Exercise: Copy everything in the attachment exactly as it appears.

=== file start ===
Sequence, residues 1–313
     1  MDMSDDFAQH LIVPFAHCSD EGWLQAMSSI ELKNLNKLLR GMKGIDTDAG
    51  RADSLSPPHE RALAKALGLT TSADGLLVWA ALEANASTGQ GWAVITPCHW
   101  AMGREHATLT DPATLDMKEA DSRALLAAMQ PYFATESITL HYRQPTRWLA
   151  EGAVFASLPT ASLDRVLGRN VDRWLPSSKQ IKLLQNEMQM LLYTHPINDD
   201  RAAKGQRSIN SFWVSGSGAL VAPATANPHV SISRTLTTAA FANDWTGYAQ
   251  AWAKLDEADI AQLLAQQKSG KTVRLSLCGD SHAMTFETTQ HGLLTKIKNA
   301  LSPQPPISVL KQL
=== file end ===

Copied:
Sequence, residues 1–313
     1  MDMSDDFAQH LIVPFAHCSD EGWLQAMSSI ELKNLNKLLR GMKGIDTDAG
    51  RADSLSPPHE RALAKALGLT TSADGLLVWA ALEANASTGQ GWAVITPCHW
   101  AMGREHATLT DPATLDMKEA DSRALLAAMQ PYFATESITL HYRQPTRWLA
   151  EGAVFASLPT ASLDRVLGRN VDRWLPSSKQ IKLLQNEMQM LLYTHPINDD
   201  RAAKGQRSIN SFWVSGSGAL VAPATANPHV SISRTLTTAA FANDWTGYAQ
   251  AWAKLDEADI AQLLAQQKSG KTVRLSLCGD SHAMTFETTQ HGLLTKIKNA
   301  LSPQPPISVL KQL